Back in June we held a happy hour at the UQ office for SF Design Week 2018. After a year of remodeling and slowly making our new office home, we were excited to invite our friends and community to come celebrate our new space. It also happened to be the perfect occasion for some creative expression in the form of an interactive projection piece.
Projects like this have their roots in all sorts of conversations around digital “makery” experiments. As designers and developers these experiments serve as creative outlets that let us try, test, and learn new things. They also challenge us to narrow in on just one final idea, which can often be the hardest part of all.
Lots of talking.
Lots of brainstorming.
Lots of links.
Lots of talking in circles.
Lots of saying the same thing in different ways.
Lots of fear of commitment. This was mostly due to the fact that we don’t do this everyday, so we wanted it to be cool and we wanted it to work.
In the end, an experiential, audio-visual experiment became our focus. It was the perfect opportunity to kick the tires on our new brand (the colors! the shapes!) and combine it with our interests in music to make something immersive and unexpected.
The shape and pattern artwork we’ve been developing over the last few months was a key starting point for this project’s visuals. A matrix of shapes and cells quickly emerged, giving us a platform to show off our colors and setting the stage for all kinds of animation opportunities.
Randomizing our colors and shapes was an awesome way give it an always-fresh, never-quite-the-same feeling. Scale changes and explosions added another layer of personality to create a more dynamic and engaging experience.
The physical, interactive part of the experiment took a lot of research and logistical planning. First, we had to figure out where to place our installation. Inspired by our conference room’s existing artwork, we decided on a triptych approach, which allowed us to place canvases where our paintings once hung.
Once we had our placement, we started construction. The first question was what to use as a base. While we initially thought photo frames might work, we were worried about how sturdy they’d be with all the touching and tapping we expected. Canvases, on the other hand, gave us everything we needed. They were easy to project onto and were much less fragile, which was a nice reassurance given that they’d make their debut at a happy hour.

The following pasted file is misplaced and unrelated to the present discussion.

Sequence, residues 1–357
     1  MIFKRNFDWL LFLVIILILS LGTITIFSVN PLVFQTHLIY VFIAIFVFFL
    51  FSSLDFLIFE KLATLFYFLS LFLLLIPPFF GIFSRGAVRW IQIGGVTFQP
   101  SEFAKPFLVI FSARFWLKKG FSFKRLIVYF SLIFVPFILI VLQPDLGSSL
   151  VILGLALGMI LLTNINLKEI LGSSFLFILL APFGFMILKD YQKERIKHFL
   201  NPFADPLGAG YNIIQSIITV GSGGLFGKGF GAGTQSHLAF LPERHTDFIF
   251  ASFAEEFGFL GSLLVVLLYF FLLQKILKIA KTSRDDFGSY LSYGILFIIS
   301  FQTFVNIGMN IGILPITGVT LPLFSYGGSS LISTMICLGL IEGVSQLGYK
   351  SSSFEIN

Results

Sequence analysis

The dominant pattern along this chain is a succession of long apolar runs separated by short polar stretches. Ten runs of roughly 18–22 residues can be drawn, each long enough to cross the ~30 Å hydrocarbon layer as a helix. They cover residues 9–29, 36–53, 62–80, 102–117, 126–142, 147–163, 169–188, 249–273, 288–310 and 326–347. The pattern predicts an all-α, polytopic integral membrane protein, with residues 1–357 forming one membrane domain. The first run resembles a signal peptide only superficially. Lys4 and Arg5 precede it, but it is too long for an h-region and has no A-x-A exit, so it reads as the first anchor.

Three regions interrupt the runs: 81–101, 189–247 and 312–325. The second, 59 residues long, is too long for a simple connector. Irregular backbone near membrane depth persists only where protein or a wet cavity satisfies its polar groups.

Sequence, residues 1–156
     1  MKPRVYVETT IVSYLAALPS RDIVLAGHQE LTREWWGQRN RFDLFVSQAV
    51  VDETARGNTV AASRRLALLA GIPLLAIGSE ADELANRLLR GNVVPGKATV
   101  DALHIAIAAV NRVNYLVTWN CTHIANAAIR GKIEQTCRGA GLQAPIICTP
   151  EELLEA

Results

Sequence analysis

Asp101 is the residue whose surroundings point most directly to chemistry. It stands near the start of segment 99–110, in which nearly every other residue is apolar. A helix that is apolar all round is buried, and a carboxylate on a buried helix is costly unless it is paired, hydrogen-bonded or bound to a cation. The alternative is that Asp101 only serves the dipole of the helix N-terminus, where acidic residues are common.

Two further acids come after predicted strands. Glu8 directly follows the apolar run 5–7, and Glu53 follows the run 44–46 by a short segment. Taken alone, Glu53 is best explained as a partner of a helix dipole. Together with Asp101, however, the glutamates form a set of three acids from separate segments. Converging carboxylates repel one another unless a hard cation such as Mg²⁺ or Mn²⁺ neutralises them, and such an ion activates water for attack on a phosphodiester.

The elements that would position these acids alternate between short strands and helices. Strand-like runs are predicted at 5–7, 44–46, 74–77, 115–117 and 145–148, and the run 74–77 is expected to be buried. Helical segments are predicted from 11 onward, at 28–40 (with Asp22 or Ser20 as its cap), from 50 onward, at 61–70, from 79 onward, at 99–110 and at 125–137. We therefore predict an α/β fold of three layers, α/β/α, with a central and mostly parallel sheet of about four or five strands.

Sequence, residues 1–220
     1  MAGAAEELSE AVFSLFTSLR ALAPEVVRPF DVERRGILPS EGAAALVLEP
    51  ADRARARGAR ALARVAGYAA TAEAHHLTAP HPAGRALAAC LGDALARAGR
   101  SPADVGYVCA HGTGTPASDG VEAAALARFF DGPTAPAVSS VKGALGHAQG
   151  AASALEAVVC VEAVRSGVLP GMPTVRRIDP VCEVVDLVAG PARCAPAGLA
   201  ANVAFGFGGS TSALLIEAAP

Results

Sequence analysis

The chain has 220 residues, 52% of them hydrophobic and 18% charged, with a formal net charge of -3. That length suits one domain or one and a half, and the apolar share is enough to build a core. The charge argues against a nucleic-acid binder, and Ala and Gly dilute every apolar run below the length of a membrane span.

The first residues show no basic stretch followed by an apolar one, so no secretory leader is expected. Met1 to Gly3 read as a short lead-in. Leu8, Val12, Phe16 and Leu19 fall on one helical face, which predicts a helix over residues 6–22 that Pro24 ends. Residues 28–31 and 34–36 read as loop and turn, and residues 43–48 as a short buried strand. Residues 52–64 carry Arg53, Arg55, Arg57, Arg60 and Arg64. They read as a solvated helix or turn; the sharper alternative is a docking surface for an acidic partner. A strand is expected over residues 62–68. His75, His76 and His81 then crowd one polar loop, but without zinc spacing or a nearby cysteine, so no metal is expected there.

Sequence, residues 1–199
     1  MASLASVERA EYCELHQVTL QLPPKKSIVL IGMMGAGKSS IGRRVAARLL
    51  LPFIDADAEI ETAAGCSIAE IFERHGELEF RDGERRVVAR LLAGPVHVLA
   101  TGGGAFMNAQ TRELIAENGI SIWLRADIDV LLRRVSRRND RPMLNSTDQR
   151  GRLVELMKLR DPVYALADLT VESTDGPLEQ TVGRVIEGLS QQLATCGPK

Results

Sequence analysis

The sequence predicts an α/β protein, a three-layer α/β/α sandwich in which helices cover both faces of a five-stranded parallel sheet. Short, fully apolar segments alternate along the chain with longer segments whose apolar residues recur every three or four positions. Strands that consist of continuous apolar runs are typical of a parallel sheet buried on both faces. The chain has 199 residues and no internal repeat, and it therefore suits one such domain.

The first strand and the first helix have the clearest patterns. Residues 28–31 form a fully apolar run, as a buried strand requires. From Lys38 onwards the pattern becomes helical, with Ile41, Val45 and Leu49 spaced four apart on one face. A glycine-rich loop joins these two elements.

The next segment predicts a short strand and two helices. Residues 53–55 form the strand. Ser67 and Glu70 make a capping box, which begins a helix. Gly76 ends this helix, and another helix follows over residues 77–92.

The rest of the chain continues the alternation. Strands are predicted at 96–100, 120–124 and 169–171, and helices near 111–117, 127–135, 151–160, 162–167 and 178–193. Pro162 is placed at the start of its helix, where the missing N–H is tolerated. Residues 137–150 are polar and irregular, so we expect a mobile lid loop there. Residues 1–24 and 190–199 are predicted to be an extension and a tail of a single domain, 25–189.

In order to turn the canvas into a sensor, we needed to put something conductive on the back of it. Copper tape and conductive paint seemed like an obvious fit, but were quickly ruled out due to cost and timing. A bit of creative thinking and tinkering followed and we discovered that aluminum foil and spray mount could be our winning combination. Each canvas was divided into 4 separated sections and each section was soldered to an electrode on a Bare Conductive Touch Board. This allowed each section to serve as an individual sensor, giving us a total of 12 sensors.
Our piece cycled between two different states: a grid-based state with shapes and a more free-form state featuring diagonal lines. Everything was randomly generated within those two systems, from color and shape selections to X and Y positions. To keep the visuals cohesive across our triptych of canvases, we chose to forgo using three different <canvas> elements, instead opting for just one large <canvas> element which we split into three sections using two black <div> columns on top.
We knew audio would play a big role in bringing this installation to life. We wanted to know what sound it would make when all these little shapes jump from canvas to canvas. What does this rainbow waterfall of color sound like? We went looking for an ambient sound that could worm around your head as you experienced the space; a synesthetic element that could actually convey the sounds that the animation might make.
This was not a task for the faint of heart, so we reached out to Eric Dietrick, a talented musician and tinkerer, to help us create some samples. We sent him recordings of the animations and within a few days we received a ton of plug and play samples. All of them, of course, amazing.
Working with a new medium with some pretty DIY variables, we naturally ran into a few obstacles. The biggest challenge for us was to make sure our sensors sent accurate data to the p5 program. There were times when a single touch would trigger multiple sensors at once because the sensitivity threshold was too low. Other times, the sensors weren’t sensitive enough so we weren’t receiving any signals; generally this was because the foil wasn’t glued properly to the canvas, or the conductive copper wire came loose from the Touch Board. Trial and error was our friend here. A lot of trial and error.
Through the course of this experiment, we learned a lot and had a ton of fun exploring the world of hardware and AV. It was fun to share it with our friends and the design community of SF.
We’d like to give a shoutout to everyone who helped make this project possible, especially Jason Dietrick for the vision, Eric Dietrick for making the audio samples, Zhihao Wu for helping out with hardware, and Phil Ruppanner for believing in us.
Both Anya Tran and Lily Zhou are a Developers at Upperquad.
Upperquad is a growing team of designers, developers and producers brought together by good fortune, great clients and a shared drive to make amazing things. We’re hiring!